Check for the best-by date.
A best-by date is typically located near the bottom seal of the bag. This is a good starting point to evaluate the freshness of the jerky. It's important to note that going past the best-by date does not automatically make the jerky unsafe to consume.
Check for any damage in the packaging.
A damaged package, such as a tear, rip, pinhole, or incorrect seal, may indicate that oxygen and moisture have entered the bag, potentially causing spoilage. This is not a definitive sign of spoilage, but should be considered as a warning.
Inspect the jerky.
Check the appearance of the jerky. Observe its color and any unusual features, such as white spots. Smell it, it should have a clean and savory aroma. The texture should be firm but pliable, not too soft or mushy.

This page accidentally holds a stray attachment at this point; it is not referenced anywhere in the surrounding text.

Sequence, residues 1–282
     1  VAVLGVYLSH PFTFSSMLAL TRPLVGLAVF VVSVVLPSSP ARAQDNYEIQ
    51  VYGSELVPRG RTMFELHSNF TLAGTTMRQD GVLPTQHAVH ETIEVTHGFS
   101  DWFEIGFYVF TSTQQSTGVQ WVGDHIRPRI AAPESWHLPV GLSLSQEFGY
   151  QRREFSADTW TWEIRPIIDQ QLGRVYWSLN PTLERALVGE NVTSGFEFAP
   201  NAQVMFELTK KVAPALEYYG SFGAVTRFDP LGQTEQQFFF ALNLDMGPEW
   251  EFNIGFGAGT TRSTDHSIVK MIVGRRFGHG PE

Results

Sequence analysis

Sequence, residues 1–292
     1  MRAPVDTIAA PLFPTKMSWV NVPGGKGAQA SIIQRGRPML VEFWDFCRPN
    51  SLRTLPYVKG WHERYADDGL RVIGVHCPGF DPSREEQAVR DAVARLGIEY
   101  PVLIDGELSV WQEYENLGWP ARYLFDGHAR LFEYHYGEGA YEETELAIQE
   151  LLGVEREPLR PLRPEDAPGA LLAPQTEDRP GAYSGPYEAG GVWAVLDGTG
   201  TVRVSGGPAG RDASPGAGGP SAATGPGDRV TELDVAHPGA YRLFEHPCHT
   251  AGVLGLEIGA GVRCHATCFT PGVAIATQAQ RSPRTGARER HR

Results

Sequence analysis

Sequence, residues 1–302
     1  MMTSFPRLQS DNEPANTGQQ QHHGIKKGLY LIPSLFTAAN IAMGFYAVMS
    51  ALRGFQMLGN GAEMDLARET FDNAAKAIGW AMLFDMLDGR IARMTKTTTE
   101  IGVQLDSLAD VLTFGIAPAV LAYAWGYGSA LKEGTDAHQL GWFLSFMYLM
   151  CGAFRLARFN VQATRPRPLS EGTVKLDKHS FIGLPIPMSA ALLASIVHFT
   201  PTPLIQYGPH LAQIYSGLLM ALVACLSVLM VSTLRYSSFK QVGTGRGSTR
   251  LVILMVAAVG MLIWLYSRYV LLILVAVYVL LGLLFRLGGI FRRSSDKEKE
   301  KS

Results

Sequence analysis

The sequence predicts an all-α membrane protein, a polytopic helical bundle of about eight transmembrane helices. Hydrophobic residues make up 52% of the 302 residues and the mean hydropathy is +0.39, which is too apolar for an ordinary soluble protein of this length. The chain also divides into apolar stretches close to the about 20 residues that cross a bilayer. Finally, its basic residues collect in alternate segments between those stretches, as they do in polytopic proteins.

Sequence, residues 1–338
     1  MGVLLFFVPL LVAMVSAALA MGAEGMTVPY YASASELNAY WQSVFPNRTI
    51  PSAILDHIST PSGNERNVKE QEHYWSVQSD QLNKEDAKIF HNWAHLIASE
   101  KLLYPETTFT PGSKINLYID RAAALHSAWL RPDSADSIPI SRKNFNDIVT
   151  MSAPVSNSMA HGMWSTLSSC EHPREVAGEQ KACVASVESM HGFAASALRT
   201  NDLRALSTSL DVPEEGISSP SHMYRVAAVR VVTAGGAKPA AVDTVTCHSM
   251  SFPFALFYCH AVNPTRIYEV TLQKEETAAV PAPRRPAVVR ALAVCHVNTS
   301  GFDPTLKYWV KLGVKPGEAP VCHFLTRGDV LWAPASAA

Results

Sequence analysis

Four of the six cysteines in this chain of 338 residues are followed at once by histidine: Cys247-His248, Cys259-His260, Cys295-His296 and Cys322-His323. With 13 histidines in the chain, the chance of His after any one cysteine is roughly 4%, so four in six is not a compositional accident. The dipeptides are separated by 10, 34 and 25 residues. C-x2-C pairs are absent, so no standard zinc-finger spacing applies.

Mold and rancidity are clear indicators that the jerky has spoiled and is no longer safe to eat.
Look for signs of mold, such as furry, powdery, or fuzzy substances in white, green, or gray colors with a spider-web pattern. If unsure, check our guide on identifying mold on beef jerky. In rare cases, a higher fat content in beef jerky can lead to rancidity, which has a spoiled, off odor. If the jerky shows signs of either mold or rancidity, it should be discarded and not consumed. Mold on beef jerky, everything you need to know
If the beef jerky passes the appearance, aroma, and texture tests and shows no signs of mold or rancidity, it is likely safe to eat. However, if you have any concerns or uncertainties, reach out to our customer service team.